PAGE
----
Italia was to furnish and maintain in safe and efficient working condition suitable booms, winches, blocks, steam, lights and so forth. The agreement provided that the stevedoring company [84 S.Ct. 750] would be responsible for damage to the ship, cargo, and for injury or death of any person caused by its negligence, and that the steamship company would be responsible for the injury or death of any person or damage to property arising from its negligence or by reason of failure of the ship's gear and equipment.2

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During the course of Oregon's stevedoring operations in Portland, one of its longshoreman employees, Griffith, was injured on the M. S. Antonio Pacinotti when a tent rope snapped. The rope, permanently attached to a hatch tent used to protect cargo from rain, was furnished by Oregon pursuant to its obligation to supply ordinary gear necessary for the performance of stevedoring services. The injured longshoreman sued the shipowner in a state court for negligence and unseaworthiness,3 and recovered a judgment against Italia upon a general verdict. Italia satisfied the judgment and thereupon brought this suit in a Federal District Court for indemnity from Oregon. The District Court found that the basis for Griffith's recovery was not negligence on the part of the shipowner, but a condition of unseaworthiness created by the rope supplied by Oregon, which was found defective and unfit for its intended use. However, the District Court disallowed indemnity because Italia had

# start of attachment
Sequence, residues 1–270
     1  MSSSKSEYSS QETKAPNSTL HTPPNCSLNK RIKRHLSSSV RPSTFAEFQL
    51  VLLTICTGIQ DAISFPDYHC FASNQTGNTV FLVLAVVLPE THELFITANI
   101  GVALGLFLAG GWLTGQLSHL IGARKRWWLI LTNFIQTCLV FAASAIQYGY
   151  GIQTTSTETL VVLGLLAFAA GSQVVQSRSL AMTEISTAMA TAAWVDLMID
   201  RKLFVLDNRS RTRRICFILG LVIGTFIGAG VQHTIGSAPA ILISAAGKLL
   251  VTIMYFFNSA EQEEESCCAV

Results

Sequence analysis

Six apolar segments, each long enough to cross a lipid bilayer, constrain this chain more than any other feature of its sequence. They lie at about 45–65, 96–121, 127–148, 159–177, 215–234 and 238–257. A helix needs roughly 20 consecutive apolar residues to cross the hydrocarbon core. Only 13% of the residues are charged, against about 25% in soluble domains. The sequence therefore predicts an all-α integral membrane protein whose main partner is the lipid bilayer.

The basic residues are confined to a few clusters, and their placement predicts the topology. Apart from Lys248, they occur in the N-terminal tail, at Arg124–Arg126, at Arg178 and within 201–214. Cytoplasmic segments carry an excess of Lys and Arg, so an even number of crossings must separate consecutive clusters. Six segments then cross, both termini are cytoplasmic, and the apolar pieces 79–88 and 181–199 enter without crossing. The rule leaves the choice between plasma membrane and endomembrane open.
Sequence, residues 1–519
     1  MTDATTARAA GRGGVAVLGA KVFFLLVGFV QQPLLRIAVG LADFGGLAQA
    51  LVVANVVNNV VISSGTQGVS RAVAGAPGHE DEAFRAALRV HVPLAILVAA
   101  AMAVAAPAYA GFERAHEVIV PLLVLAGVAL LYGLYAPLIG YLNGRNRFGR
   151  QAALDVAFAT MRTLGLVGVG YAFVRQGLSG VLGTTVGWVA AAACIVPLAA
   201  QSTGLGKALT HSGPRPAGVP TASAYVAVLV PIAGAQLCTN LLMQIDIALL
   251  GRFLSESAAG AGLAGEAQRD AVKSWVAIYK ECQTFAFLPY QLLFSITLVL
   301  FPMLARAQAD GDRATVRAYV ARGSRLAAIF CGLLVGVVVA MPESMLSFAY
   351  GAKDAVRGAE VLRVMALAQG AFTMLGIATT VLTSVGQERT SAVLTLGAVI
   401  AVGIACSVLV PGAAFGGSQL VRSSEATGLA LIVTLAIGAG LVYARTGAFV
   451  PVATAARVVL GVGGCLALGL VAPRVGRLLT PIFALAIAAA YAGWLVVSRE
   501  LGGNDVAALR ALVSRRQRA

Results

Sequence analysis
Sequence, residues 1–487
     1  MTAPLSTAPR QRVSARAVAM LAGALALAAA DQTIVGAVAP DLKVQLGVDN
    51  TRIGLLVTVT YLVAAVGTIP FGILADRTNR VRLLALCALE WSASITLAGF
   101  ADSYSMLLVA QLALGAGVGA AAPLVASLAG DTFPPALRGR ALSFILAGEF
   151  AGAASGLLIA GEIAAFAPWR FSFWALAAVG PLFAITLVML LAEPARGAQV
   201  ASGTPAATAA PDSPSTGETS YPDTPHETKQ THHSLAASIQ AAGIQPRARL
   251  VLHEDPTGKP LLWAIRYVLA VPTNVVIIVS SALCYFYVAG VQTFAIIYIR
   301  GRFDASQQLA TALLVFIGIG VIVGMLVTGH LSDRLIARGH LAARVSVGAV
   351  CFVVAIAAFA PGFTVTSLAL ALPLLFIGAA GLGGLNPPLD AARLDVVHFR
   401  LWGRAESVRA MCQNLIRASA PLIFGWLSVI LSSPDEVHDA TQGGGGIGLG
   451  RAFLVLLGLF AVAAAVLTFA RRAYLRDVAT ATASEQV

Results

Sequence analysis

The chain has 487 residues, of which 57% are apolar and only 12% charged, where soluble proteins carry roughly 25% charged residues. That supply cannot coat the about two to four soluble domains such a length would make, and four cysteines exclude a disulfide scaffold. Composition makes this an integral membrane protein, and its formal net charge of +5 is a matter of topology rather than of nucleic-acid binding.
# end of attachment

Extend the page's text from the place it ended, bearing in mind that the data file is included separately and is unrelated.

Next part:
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failed to prove negligence on the part of the stevedore company, since the defective condition of the rope was not apparent. That court viewed the contractual provision rendering Oregon liable for injuries caused by its negligence as an express disclaimer against an implied warranty of workmanlike service. The Court of Appeals for the Ninth Circuit, with one judge dissenting, affirmed, but solely on the ground that a stevedore's implied warranty of workmanlike service is not breached in the absence of a showing of negligence in supplying defective equipment. 310 F.2d 481. Because of a conflict between this decision and the decision of the Court of Appeals for the Second Circuit in Booth S.S. Co. v. Meier & Oelhaf Co., 262 F.2d 310, and the importance of the question involved, we granted certiorari. 372 U.S. 963. For the reasons stated below, we have determined that the absence of negligence on the part of a stevedore who furnishes defective equipment is not fatal to the shipowner's claim of indemnity based on the stevedore's implied warranty of workmanlike service.